Edit: if you odn’t believe me, I found a great SwimSmooth article on rotation. Much more comprehensive than mine and definitely worth a read!

Tuesday Training – we were light on for people so there was plenty of room in the lane. We did a straight up pacing set against the clock…..time trial 100m average time: Swim 100m. Rest 15 seconds. Repeat. Repeat. Repeat. Repeat…….

Sounds simple, right?

Surprisingly gruelling. It’s a really tough job to do the following things:

  1. Hold yourself back in the first couple of laps
  2. Keep up on the last few laps
  3. Stay focussed enough to know what your pace is. Every lap. Without getting distracted by the voices in your head.

I’ve been feeling great in the water lately and about as fast as I’ve ever been (possibly faster), so decided I would make a really concerted effort to stay right on track.

First couple of laps were fine. I still can’t seem to ever get the first one right and was a touch fast, but then I settled into a rhythm.

About two-thirds through I was starting to feel it. My face was flushed (yes, you can definitely sweat when swimming if you swim hard enough) and my breathing was heavy at the end of each lap.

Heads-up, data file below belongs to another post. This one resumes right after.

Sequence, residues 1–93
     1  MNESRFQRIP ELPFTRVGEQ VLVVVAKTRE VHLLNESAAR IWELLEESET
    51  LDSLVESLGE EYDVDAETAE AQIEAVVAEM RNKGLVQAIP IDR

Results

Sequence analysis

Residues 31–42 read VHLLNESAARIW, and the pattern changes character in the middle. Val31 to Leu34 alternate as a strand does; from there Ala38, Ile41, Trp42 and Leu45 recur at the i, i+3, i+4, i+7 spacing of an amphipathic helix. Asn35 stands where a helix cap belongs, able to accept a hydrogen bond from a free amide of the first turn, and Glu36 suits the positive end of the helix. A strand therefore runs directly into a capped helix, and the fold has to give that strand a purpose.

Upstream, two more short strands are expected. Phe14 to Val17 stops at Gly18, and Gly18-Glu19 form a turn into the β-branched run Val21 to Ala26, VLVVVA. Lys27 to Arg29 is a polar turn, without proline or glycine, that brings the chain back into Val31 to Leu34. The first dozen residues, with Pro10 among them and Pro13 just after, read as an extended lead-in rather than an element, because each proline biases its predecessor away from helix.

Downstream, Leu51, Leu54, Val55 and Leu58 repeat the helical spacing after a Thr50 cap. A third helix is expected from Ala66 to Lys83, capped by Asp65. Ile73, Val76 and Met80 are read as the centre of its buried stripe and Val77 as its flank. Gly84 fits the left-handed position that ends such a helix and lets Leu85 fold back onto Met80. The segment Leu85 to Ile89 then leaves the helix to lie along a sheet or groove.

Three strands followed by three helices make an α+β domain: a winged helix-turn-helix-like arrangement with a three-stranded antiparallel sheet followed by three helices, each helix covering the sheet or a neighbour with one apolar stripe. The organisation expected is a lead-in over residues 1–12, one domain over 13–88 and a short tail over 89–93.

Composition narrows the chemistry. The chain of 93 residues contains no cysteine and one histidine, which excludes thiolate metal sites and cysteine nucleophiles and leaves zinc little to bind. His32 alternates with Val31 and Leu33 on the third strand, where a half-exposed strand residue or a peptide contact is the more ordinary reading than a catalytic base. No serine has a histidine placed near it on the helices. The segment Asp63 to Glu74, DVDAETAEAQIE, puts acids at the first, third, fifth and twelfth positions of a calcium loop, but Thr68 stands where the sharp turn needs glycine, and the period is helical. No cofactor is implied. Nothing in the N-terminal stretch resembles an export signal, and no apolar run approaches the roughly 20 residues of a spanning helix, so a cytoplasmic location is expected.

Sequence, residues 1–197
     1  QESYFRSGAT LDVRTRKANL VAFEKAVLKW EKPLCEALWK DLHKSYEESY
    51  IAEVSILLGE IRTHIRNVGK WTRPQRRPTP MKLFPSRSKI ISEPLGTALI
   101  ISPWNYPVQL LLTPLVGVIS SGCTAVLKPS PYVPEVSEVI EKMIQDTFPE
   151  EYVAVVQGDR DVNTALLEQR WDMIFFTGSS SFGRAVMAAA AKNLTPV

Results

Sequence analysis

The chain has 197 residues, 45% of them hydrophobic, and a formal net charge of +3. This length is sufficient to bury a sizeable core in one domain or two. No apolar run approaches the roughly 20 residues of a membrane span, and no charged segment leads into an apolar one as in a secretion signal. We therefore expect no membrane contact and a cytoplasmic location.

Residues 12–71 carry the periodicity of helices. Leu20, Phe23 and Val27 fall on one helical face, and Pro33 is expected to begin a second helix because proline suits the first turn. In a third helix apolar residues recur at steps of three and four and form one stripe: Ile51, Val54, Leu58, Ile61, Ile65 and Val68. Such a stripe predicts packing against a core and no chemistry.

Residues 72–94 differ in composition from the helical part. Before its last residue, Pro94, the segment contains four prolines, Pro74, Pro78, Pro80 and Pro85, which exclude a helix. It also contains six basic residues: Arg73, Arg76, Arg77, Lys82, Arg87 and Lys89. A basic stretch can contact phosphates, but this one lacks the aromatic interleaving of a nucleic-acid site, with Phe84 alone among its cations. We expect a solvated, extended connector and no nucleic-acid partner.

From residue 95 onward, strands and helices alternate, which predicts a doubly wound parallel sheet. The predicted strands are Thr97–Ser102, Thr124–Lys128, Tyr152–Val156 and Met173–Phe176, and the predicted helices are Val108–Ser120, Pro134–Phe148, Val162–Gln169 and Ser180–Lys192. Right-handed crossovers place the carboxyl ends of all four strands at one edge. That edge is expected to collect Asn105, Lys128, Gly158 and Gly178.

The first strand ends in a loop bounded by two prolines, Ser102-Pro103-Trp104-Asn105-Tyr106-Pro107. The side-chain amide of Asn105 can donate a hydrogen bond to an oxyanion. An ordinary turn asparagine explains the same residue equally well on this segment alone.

As the set progressed it was getting harder and harder. My shoulders were aching and I heard Coach Zoe speaking to one of the other swimmers as I finished a lap and stopped for my 15 second break…..

I think a few people might be coasting tonight. *pauses a second, then hears me* Except maybe Jacki. There’s a good bit of huffing and puffing!

And I was certainly puffing. I hammered it out til the end of the hour, fighting increasing discomfort and resorting to the mantra approach to staying on track…. “train hard, race easy. train hard, race easy. train hard, race easy”

So did I do it? Maintain my new and improved pace for the whole set? Well no. I lost it on the last 2x 100m. But you know what….that’s only 2 out of (ummm….lost count somewhere along the line….) somewhere between 15 and 20. Great progress and I’m more determined than ever to get there (and maybe faster again!).

Wednesday training this week was a far more successful outing than Tuesday’s failed attempt at cheesecake redemption!